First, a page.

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Feds to Determine Future of Mexican Wolves in Colorado

Proponents of Mexican wolves say they are an invaluable part of their ecosystems, helping to control diseases and providing food and shelter for hundreds of other species. (Brian Gratwicke/Wikimedia Commons)
Proponents of Mexican wolves say they are an invaluable part of their ecosystems, helping to control diseases and providing food and shelter for hundreds of other species. (Brian Gratwicke/Wikimedia Commons)
August 14, 2017

DENVER -- The U.S. Fish and Wildlife Service is narrowing in on a plan that would remove the Mexican wolf from the endangered species list and hand management over to states.

David Parsons, a former Mexican wolf coordinator for the agency, said he thinks it’s the wrong path. He noted that fewer than 150 wolves remain in the wild today, and all their genes derive from the last seven wolves that existed before recovery efforts began.

Parsons said breeders are doing a good job of increasing genetic diversity for wolves in captivity.

"But the Fish and Wildlife Service is just not getting them into the wild in numbers that really make a difference,” Parsons said, "largely because the states are pushing back against releases."

Parsons said wolves are frequently seen as a nuisance by powerful livestock interests, and he noted the last time states managed wolves, their numbers declined by 24 percent.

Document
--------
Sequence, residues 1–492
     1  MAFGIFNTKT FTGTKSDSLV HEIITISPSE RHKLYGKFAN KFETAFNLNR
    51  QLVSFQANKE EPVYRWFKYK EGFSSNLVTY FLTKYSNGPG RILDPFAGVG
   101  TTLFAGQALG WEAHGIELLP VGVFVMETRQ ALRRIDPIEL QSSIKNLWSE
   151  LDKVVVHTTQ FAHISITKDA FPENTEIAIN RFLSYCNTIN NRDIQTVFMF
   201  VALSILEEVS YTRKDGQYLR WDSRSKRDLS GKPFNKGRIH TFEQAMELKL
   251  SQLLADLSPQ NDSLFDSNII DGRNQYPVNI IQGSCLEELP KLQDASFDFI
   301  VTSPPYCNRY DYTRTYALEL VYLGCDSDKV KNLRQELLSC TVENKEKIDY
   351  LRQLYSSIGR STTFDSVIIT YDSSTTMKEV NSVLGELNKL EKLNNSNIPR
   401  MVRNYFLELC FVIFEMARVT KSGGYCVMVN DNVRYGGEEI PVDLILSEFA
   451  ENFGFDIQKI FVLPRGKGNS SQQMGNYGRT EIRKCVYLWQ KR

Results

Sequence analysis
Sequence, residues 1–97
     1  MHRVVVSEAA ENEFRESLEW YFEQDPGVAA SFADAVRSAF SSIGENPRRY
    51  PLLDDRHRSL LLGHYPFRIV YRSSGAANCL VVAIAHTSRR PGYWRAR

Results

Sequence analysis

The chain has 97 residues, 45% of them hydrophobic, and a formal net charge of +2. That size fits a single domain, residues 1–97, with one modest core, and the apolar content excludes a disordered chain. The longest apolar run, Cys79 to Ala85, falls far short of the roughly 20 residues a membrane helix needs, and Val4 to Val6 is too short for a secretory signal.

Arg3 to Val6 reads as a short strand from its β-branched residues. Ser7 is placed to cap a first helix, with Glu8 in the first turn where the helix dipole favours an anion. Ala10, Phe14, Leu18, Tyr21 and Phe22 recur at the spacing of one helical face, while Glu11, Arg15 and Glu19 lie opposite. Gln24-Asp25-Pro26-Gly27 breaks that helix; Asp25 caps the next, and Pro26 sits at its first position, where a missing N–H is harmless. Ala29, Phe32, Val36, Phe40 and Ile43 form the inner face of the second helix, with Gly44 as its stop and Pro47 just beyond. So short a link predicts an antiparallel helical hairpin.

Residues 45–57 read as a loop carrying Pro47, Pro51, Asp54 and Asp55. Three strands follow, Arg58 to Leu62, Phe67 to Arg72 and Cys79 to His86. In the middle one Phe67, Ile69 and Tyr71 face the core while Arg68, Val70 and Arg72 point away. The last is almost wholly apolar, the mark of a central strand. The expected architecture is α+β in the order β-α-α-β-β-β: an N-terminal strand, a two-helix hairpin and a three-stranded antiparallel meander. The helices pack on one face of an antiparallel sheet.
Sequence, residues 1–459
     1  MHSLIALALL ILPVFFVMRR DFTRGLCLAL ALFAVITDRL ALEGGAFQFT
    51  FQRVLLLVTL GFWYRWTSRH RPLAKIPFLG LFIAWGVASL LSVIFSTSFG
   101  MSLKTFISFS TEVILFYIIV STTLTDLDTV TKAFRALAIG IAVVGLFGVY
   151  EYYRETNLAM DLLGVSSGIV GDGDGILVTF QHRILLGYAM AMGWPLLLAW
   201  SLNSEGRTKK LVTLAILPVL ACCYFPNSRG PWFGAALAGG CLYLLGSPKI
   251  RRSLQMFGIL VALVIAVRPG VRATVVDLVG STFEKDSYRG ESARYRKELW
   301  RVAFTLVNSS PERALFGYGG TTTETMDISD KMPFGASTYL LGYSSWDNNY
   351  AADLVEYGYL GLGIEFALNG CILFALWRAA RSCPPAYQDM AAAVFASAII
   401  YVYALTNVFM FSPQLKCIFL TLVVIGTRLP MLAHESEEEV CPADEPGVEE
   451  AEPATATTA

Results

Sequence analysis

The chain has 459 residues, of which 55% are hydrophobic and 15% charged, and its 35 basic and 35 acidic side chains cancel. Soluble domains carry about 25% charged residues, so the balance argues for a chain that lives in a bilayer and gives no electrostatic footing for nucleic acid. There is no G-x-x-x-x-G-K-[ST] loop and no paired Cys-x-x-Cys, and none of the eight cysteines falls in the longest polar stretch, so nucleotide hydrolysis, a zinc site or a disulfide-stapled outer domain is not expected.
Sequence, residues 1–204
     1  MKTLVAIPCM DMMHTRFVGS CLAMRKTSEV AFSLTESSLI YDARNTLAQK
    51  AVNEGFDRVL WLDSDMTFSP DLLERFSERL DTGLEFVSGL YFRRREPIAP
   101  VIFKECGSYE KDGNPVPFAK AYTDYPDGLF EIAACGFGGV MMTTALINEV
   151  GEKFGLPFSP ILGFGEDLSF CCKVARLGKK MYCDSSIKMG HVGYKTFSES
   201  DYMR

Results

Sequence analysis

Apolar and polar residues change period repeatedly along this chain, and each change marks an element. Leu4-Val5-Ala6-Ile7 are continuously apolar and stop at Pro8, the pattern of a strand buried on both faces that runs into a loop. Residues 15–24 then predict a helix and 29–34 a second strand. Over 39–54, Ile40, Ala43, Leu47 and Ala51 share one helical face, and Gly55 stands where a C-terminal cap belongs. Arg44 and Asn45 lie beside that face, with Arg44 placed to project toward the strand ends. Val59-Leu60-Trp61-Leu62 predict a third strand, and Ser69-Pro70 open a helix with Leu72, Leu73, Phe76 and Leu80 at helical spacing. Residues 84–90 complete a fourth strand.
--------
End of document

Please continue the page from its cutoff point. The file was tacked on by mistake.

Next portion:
The new plan authorizes delisting after populations reach a total of 500 in isolated areas. But Parsons said the agency's own scientists say 750 are needed to ensure survival in three distinct but connected regions, including southern Colorado.

Hailey Hawkins, Southern Rockies representative with the Endangered Species Coalition, argued that bringing the Mexican wolf back to Colorado would increase demand for wildlife viewing opportunities, which she said could be a big economic driver.

"Mexican wolves are one of our rarest mammals, and are treasured for their countless contributions - to ecosystems, and as part of our national heritage,” Hawkins said. "Folks want to see the Mexican wolf thrive, and federal management should reflect that."

She added that wolves are a critical player in local ecosystems - helping to strengthen deer and elk populations and control outbreaks of chronic wasting disease.

The Endangered Species Coalition is among several groups delivering public comments to the Fish and Wildlife Service through its website, which are due by August 29.

Eric Galatas, Public News Service - CO